NYSUT also provides benefits to its members (you may have received some indication of this via mail already). To log on to the NYSUT web site and learn more, visit their login page and follow the directions.

Wednesday, November 13, 2013

Guest Post: Advising

by Joe Napolitano, FA Mentor, New Member Mentoring Program

Editor's Note: Due to technical problems with the listserv last week and this week, we're a little behind on our posts. We apologize for the inconvenience.
Now that we're back, up and running, please welcome FA Mentor Joe Napolitano as our third fabulous guest blogger of the semester. Joe, who teaches Biology on the Eastern Campus, writes in his post about some of his own experiences as a first-year faculty member advising first-year college students, and gives us some relevant advice as we begin this semester's period of Priority Registration at SCCC.

Snow, Shark, and Priority Reg
It’s that time of year, once again.  The birds are flapping off to warmer climes (enviably), the trees are giving up on photosynthesis in one final festival of color (which we get to clean up), and surplus Halloween candy is cheap and plentiful (I’ve had Twizzlers for breakfast every day this week).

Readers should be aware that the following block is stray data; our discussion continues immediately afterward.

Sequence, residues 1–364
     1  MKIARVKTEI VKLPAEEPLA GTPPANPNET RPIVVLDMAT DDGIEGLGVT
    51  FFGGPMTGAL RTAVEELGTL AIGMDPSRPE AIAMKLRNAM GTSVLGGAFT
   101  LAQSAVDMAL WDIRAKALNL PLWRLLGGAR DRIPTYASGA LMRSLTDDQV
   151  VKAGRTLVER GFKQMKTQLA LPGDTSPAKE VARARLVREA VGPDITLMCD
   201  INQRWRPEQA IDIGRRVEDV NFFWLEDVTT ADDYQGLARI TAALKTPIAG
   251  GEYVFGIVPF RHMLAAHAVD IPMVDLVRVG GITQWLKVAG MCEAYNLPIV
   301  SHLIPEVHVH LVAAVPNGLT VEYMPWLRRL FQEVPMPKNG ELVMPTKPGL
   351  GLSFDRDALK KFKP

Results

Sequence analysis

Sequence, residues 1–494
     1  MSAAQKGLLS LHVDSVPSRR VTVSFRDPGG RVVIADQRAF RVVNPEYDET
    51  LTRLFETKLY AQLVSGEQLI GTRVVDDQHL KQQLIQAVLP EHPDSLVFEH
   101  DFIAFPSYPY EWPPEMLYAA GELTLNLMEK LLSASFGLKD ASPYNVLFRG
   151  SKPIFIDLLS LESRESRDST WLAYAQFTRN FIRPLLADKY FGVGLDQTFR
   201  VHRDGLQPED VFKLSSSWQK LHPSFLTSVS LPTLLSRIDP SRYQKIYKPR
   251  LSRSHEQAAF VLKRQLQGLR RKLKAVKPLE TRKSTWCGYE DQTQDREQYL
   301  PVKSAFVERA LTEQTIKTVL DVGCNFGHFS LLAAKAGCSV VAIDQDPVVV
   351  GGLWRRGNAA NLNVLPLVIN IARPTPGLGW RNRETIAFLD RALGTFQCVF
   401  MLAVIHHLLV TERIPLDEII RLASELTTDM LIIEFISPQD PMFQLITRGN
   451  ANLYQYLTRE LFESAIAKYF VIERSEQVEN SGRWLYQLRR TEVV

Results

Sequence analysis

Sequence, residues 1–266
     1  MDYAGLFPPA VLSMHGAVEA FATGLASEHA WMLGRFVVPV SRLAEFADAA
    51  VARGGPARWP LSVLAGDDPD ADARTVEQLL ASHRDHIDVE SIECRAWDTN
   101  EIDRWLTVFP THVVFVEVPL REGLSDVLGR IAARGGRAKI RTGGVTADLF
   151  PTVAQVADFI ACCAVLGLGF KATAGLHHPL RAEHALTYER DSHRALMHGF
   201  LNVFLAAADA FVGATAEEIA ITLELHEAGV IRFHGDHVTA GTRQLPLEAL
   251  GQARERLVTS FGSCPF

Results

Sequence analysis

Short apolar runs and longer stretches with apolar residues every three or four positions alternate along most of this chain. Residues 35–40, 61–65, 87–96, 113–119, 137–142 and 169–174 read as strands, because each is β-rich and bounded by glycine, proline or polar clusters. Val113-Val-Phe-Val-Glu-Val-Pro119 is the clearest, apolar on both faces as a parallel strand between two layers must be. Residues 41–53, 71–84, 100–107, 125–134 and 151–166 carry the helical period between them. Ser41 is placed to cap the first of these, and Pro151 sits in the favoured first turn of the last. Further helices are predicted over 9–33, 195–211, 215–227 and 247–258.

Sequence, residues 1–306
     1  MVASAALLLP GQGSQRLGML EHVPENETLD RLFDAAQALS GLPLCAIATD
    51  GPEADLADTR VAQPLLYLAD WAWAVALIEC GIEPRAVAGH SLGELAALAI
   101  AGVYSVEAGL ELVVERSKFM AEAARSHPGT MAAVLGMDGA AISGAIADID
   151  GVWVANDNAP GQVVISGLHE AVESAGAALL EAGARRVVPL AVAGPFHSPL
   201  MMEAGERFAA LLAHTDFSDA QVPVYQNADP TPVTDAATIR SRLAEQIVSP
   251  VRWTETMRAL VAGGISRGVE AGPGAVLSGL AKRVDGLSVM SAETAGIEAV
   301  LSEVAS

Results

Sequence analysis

You may have also noticed the cool autumn breezes carrying faint whispers of “mid-semester…”, “SAIN report…”, and “priority registration….” - that’s right, it’s advising season.
Although our teaching duties probably occupy the bulk of our time, especially for new faculty, advising and mentoring students is, arguably, an equally important role of Suffolk faculty.  Regardless of rank or discipline, we all have two common goals - to facilitate students’ academic success during their time here, and to prepare them for their academic or professional endeavors to come.  Advising takes many forms and, chances are, you’ve already done plenty this semester.  However, the mid-semester mark is a useful advising cue for two reasons - it’s a good time to appraise students of their progress in your courses thus far, and also to start planning a course schedule for the next semester.